Trivia: Longhair found a discarded piano in a junkheap and despite missing several keys, patched it up enough to be able to learn to play with help from musician friends Stormy Weather and Sullivan rock.

9. Paul Hardcastle: 19 (Chrysalis Records)

A Como Audio Musica playing Hardcastle’s “19”.

I have left perhaps the most interesting song for last. Believe it or not, this is a dance song about the Vietnam War and PTSD. No, 19 is not some obscure novelty tune from the 1970’s. If you like C-Jazz (Contemporary Jazz), or are a Vietnam War history buff, or served in Vietnam (or any war or conflict for that matter), then I call your attention to this epic piece. I first heard it a few months ago on a smooth jazz Internet radio station I was playing on my Musica and ended up buying the track.

Composer and multi-instrumentalist Paul Hardcastle, who turned 63 early last month, saw an ABC television documentary in 1984 about the Vietnam war and was inspired to write this song. The song’s title came from the statement in the documentary’s narration by Peter Thomas that the average age of a soldier in Vietnam was 19.

Besides featuring interview clips with soldiers and snippets from period news reports set to an electro-jazzy beat, the kicker is the sampling of Thomas saying “Nu-Nu-Nu-Nineteen“ (you will recognize Thomas’ voice as the narrator of the original Forensic Files series). Sampling was still in its infancy when this song was recorded back in 1985, and nothing quite like this had been done before in a song, certainly not within the jazz realm. The song proved very popular, becoming a top single in more than a dozen countries including the US. It was released in five languages in addition to English. According to Hardcastle’s website, to date the song has sold over 8 million copies worldwide.

One would think a song about the Vietnam War and PTSD would be downright depressing. On the contrary. 19 is fascinating, and the beat is, dare I say, infectious and danceable. Although the subject matter concerns a war that ended more than forty-five years ago, the music holds up very well today. Some Vietnam veterans have credited the song for acting as a kind of musical therapy for them.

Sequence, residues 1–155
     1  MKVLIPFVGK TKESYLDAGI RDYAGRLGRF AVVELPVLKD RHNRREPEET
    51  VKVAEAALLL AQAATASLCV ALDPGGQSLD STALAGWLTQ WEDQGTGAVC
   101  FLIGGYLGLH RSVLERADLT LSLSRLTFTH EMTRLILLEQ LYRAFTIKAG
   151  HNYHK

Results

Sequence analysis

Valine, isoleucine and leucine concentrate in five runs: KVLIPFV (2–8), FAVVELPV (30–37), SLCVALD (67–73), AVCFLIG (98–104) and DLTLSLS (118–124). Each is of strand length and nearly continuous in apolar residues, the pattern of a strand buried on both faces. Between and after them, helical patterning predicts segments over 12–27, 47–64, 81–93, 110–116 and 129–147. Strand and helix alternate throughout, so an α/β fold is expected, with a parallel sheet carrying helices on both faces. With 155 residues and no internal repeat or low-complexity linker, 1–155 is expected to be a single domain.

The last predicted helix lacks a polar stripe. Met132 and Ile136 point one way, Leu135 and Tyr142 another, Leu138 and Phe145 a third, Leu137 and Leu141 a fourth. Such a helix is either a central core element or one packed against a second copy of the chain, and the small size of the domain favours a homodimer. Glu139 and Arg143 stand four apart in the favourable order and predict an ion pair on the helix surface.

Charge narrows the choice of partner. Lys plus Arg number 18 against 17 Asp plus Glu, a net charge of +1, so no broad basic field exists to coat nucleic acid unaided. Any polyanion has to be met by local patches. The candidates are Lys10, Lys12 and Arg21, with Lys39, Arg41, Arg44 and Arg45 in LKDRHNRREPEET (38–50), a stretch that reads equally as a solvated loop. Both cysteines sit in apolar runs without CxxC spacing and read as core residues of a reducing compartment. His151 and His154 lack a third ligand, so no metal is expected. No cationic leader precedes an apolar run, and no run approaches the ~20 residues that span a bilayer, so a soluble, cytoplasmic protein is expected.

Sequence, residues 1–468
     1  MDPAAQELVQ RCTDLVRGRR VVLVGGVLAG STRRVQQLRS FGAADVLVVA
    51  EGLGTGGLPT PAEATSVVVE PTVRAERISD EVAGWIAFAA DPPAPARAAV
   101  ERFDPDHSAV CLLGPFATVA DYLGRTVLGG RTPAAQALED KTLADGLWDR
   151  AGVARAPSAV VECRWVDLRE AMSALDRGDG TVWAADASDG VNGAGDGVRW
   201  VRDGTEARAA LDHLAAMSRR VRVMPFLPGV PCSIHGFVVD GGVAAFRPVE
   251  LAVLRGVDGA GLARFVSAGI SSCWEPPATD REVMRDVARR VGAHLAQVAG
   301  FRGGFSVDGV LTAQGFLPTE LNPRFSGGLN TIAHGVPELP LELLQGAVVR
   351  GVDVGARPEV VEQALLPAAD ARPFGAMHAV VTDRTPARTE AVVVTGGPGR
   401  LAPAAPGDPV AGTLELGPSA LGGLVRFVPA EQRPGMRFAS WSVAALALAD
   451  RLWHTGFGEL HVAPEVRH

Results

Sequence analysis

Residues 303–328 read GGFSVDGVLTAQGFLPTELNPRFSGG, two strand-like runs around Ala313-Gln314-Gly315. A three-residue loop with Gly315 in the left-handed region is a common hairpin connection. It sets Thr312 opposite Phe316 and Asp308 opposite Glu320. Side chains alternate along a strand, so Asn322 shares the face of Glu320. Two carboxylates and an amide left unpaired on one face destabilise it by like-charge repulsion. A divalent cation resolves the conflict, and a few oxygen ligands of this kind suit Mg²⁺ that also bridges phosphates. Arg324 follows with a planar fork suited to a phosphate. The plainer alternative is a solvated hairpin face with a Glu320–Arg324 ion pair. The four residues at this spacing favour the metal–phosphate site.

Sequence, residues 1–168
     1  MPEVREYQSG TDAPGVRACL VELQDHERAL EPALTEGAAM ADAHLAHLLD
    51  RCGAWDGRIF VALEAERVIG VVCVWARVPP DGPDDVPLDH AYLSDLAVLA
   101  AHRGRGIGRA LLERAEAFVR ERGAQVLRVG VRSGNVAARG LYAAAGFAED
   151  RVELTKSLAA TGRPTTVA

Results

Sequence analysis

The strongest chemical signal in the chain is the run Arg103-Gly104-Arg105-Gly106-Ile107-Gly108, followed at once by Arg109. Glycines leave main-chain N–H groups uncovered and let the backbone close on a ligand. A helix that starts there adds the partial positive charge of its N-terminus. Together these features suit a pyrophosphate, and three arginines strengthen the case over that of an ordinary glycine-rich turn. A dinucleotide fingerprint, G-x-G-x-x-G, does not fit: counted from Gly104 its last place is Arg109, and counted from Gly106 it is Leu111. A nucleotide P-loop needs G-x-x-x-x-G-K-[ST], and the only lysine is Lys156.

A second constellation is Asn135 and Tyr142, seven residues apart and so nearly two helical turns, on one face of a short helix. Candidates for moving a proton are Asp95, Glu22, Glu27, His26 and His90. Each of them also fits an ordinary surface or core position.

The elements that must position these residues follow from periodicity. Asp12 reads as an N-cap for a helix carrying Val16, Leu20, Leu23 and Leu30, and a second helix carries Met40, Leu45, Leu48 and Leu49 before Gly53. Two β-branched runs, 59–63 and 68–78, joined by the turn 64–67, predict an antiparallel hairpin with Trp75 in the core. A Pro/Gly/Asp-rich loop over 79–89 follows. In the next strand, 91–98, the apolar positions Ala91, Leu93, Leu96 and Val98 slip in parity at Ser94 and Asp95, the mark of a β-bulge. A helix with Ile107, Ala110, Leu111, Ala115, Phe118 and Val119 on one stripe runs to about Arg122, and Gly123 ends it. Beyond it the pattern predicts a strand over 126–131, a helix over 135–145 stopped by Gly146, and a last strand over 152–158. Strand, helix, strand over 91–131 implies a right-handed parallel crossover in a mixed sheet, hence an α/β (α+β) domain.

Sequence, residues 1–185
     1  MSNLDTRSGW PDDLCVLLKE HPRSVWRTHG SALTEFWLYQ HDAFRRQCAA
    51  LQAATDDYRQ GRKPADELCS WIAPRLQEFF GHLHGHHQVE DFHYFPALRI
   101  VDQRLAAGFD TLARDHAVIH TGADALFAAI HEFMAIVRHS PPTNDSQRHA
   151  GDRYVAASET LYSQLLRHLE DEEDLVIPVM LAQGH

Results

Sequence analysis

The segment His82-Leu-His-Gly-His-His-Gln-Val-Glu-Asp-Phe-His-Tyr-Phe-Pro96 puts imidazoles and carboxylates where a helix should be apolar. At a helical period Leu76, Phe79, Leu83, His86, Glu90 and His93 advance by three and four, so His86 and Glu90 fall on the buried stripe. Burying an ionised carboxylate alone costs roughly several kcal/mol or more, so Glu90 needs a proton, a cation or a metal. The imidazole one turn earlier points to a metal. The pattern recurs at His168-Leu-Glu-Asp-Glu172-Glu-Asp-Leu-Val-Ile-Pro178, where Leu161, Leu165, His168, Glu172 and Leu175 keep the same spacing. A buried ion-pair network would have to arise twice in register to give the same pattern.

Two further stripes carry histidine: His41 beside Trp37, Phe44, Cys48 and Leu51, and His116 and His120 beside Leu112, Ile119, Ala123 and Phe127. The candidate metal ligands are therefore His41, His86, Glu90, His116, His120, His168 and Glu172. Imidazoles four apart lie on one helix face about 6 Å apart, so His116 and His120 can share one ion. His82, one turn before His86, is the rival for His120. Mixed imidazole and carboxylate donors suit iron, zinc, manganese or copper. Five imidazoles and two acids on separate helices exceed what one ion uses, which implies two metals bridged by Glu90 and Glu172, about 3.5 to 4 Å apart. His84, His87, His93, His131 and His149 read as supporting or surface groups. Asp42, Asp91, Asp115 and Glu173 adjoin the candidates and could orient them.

Should you decide to buy 19, I want to caution you because there is a plethora of iterations. In fact, I am not aware of a jazz song that has so many variants…Welcome to Hell, 30th Anniversary, Industrial Mix, Destruction Mix, The Final Story, and others. I bought the version from Hardcastle’s “The Very Best of” compilation because most of the alternate mixes run almost as long as the war itself. The link I include at the end of this article is for the version I purchased which times out at 3 ½ minutes. I also included a link to a wild video of a game show contestant lip-synching the song. It is must-see TV.

Hardcastle’s son, Paul Jr, a musician in his own right, was gracious enough to coordinate answers to my questions from his father:

PS: Sampling was relatively new back in those days. What gave you the idea to use the technology?

PH: “I think seeing a Fairlight in a studio, and was amazed at the possibilities in mixing it with Dance music.”

PS: Is it true you ended up having to pay royalties to Peter Thomas?

PH: “Yes, Peter Thomas was well looked after lol”.

PS: After the success of “19”, did you hear from, or are you aware of, Vietnam veterans who said your song helped them?

PH: “Had least a few thousand letters from Vets thanking me for highlighting their plight and 19 was played at their March through Washington.”

Trivia (supplied by Hardcastle): “The original voices were recorded onto a Betamax video tape !!! and most of the song was recorded in our front room.”

Streaming Music Files

Once you have purchased and downloaded music to your smartphone/tablet/computer/MP3 player, your Como Audio music system gives you a couple of different wireless streaming options. When I stream my music from my Motorola smartphone, I usually use Bluetooth, but when I am streaming from my HP laptop, sometimes I use UPnP (Universal Plug n’ Play) instead of Bluetooth. Here I will describe both streaming options as well as Spotify Connect.

Bluetooth streaming in the aptX audio codec.


If you have music files, you can stream the songs to your Como Audio music system wirelessly via Bluetooth. Moreover, if your source device (i.e., smartphone) supports aptX audio, our models will de-code that codec automatically for even better, CD-like sound quality. Simply place your Como Audio model in Bluetooth mode, open Bluetooth on your source device, and pair and connect the device to your Como Audio music system. Then, start playing your music. You will see meta data (if embedded in the file) like artist name and song title, but not album artwork. Just press the “i” key on the remote control to cycle through the available meta data. The advantage of Bluetooth is quick and painless setup and very good sound quality, especially with aptX audio. The drawbacks are is it has limited range (about 30 feet) and can have trouble going through solid objects like walls.